The UAE leads the Middle East and North Africa region on multiple economic indexes, a status it continues to sustain via investments on infrastructure and a streamlining of regulations. There is plenty of evidence to support the regional position in this ever competitive world.
For instance, the UAE is ranked 13th on the 2016 Logistics Performance Index (LPI), which is commissioned by the World Bank. It provides classification of 160 countries and where they stand in terms of their logistics sector. Germany leads the world on the index thanks to its highly integrated infrastructure.
The variables taken for the index involve customs efficiency, the quality of transport infrastructure, and ease of arranging shipments at competitive prices. Others include the general nature of logistics services like trucking, shipping, customs brokerage, smoothness and the timing of shipments to consignees at scheduled delivery times.
Dubai stands out in the area of connecting importers and exporters in the global markets, a fact boosted by its many ports and airports. Numerous countries find it absolutely necessary to do business with and via Dubai.
In addition, the 2018 Index of Economic Freedom, which provides rankings for 180 nations, ranks the UAE as tenth worldwide. It is placed in the “mostly free” category. Hong Kong tops the index and followed by Singapore.
The Heritage Foundation and the “Wall Street Journal” publish an annual study that accounts for the roles played by private sector establishments in the economy. The UAE is recognised for promoting entrepreneurial initiatives with the government lending support via enhanced infrastructure and laws.
The index relies on a number of factors such as property rights and freedom from corruption; regulatory efficiency, labour and monetary freedom; limited government, and open markets for trade and investments.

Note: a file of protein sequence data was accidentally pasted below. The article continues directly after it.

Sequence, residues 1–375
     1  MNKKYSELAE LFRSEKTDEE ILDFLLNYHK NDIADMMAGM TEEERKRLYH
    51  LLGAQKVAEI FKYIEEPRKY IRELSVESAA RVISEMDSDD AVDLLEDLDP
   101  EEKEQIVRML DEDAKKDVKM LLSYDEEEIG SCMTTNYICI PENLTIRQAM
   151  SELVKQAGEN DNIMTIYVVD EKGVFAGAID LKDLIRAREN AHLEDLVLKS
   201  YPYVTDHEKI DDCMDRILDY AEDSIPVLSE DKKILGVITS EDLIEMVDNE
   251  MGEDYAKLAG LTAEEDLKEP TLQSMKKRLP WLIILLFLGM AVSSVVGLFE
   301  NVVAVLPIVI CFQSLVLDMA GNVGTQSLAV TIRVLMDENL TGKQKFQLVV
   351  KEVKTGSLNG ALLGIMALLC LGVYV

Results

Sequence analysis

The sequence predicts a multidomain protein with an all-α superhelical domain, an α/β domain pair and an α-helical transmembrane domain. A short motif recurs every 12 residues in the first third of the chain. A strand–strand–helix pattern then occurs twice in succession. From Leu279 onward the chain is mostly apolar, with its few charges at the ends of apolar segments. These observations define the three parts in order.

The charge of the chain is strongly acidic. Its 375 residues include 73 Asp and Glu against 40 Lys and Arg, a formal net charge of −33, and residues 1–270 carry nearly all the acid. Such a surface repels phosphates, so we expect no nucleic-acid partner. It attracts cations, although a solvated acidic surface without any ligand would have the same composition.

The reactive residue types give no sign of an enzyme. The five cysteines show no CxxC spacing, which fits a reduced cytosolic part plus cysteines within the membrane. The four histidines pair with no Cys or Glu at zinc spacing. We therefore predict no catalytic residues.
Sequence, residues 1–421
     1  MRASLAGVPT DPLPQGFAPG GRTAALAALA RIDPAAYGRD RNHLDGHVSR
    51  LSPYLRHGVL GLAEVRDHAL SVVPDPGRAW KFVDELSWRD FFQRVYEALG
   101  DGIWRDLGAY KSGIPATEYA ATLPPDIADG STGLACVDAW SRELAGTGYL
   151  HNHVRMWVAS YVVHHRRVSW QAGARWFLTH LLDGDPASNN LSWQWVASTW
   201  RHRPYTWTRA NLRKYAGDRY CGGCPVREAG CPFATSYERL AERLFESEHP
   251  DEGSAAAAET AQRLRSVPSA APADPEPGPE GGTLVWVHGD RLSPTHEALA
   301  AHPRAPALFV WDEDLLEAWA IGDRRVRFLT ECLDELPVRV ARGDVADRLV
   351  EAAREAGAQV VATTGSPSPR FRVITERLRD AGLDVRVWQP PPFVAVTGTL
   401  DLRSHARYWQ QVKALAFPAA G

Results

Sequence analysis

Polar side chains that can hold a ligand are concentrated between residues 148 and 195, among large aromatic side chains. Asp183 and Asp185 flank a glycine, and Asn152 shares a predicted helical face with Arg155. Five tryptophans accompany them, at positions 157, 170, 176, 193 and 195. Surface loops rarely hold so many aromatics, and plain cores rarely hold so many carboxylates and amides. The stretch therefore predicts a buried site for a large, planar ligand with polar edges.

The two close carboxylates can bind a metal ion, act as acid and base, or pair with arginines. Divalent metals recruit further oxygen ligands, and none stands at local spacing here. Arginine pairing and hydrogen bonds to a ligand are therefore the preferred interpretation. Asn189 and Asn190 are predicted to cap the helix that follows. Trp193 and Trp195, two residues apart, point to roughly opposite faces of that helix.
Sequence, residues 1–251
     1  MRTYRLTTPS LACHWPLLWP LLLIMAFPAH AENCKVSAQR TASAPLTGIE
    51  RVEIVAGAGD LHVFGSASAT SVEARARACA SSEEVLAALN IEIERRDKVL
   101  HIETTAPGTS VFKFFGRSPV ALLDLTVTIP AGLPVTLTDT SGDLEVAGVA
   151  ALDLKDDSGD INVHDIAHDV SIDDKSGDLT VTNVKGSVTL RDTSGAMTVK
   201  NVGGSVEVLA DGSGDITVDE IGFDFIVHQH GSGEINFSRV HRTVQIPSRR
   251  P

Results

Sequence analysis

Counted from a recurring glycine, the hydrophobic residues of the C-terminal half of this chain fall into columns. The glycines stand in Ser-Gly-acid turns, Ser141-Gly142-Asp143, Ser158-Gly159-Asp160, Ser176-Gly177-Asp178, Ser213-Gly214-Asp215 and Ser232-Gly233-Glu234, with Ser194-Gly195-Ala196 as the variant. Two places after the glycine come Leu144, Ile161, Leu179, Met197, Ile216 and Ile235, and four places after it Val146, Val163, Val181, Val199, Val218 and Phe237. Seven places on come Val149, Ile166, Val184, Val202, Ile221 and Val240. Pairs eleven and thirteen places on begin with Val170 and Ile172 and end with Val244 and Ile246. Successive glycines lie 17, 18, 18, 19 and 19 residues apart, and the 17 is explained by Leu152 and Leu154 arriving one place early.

The UAE is ranked third best on the 2017 Change Readiness Index, behind Switzerland and Sweden. Produced by KMPG International, the index focuses on readiness of countries to encounter sudden shifts in economic, political, societal and environmental conditions. It has three major variables, namely enterprise, government plus people, and society capabilities. Countries like companies must prepare for change.
Moreover, the Gulf state is ranked 21st on the 2017 Corruption Perceptions Index (CPI), produced by Transparency International. This translates into the UAE performing better than numerous EU member states. It explores issues of corruption in official transactions, access to illicit acquisitions, embezzlement among senior officials, undue material returns as well as the quality of punishment imposed on violators.
Undoubtedly, staying at the top requires ongoing investments. This is taking place in the UAE. The Expo 2020 has Dubai preparing for an influx of people. Another major development relates to the opening of a terminal at Abu Dhabi International Airport in 2019, which should almost double passenger throughput to 45 million per year.
When competition is global rather than local, the UAE is staying ahead of rivals by constantly improving its business laws, developing innovative concepts and employing the latest in technology.
Dr Jasim Ali is a Member of Parliament in Bahrain.